Dezeen Magazine

Soundchaser by Yuri Suzuki

Product designer Yuri Suzuki presented a collection of projects investigating physical representations of sound at the Royal College of Art Show Two in London earlier this month.

Soundchaser, a collaboration with Yaroslav Tenzer of Imperial College, contains a stylus and speaker that follows a track made from laser-cut pieces of vinyl records.


"Users connect the chipped pieces of records together to make new tracks," explains Suzuki. "The records are bought at jumble sales or used record shops; this record player revives forgotten, old records"


Prepared turntable (below) "focuses on actively composing and playing music." A specially made loop-groove record is printed with elements of music such as bass, drum beat and melody.


The user mixes their own music from the record by controlling the five stylus arms. "This is an analogue answer for the digitalised DJ," says Suzuki.


The Finger Player (above) is a stylus that fits on the user's finger, so they can physically feel sounds being produced, while Sound Jewellery (below) has sound grooves etched into a necklace, bracelet and brooch.


"The sounds can include precious memories such as the laughter of someone with their grandma, a telephone conversation with a girlfriend, or sounds recorded during holidays and so on," says Suzuki, who developed the jewellery in collaboration with Linda Brothwell and Caren Hartley of the Royal College of Art's Goldsmithing, Silversmithing, Metalwork and Jewellery course.


Here's some text from Suzuki:


In 1977, Nasa launched an unmanned scientific probe: the Voyager 1. This is now the farthest human-made object from Earth, and it continues to travel away from both the Earth and the Sun at a relatively faster speed than any other probe. The spacecraft contains a gold-plated, copper phonograph record, commonly known as the "Voyager golden record", which contains sounds and images that were selected to portray the diversity of life and culture on Earth — the sounds of earth.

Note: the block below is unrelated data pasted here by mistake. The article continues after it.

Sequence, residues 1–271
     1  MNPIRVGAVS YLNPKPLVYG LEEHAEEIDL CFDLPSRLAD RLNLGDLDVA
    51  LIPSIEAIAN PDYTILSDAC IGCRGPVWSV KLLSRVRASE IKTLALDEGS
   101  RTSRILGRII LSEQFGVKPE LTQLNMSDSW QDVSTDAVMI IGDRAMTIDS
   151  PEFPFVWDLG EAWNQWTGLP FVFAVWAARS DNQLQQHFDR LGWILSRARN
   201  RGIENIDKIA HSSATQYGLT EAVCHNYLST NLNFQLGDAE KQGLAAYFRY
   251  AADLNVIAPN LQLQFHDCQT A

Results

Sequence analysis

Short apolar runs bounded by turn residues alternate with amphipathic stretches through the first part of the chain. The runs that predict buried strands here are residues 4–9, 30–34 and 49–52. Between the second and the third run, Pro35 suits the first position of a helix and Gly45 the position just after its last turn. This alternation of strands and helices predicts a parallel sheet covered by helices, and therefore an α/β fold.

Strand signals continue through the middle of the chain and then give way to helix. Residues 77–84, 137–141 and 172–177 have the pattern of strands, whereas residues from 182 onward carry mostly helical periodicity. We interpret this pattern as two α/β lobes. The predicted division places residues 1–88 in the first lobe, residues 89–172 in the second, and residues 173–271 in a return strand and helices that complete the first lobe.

The record was placed on the Voyager 1 so that any intelligent extraterrestrial life form, or perhaps humans in the distant future, may one day find it and learn about Earth.

Why did NASA choose the record as the media for this important mission? In 1977, the record was the most common recordable media for sound — but is that the only reason? It has been 30 years since the golden record was made and its survival in space is particularly significant to me as my work is centred around the theme of "sound and physicality". Because of its physicality, the record has developed a new value and significance.


It could be said that the record is still the most modern, and the finest media in the field of analogue recording technology. The first gramophone recordings made over a hundred years ago have survived and can still be listened to today.

Technology has, however, "changed its track" from analogue to digital.


These days, most sounds are only digitally recorded. I personally feel uneasy about the digitisation of music and its reduction into "data". When objects lose physicality they become virtual, and I wonder if digitally-recorded music can survive generations in such a state. My hope is that my project will provoke people's interest in physical music media.

This series of works aims to help people re-appreciate sound and its physicality.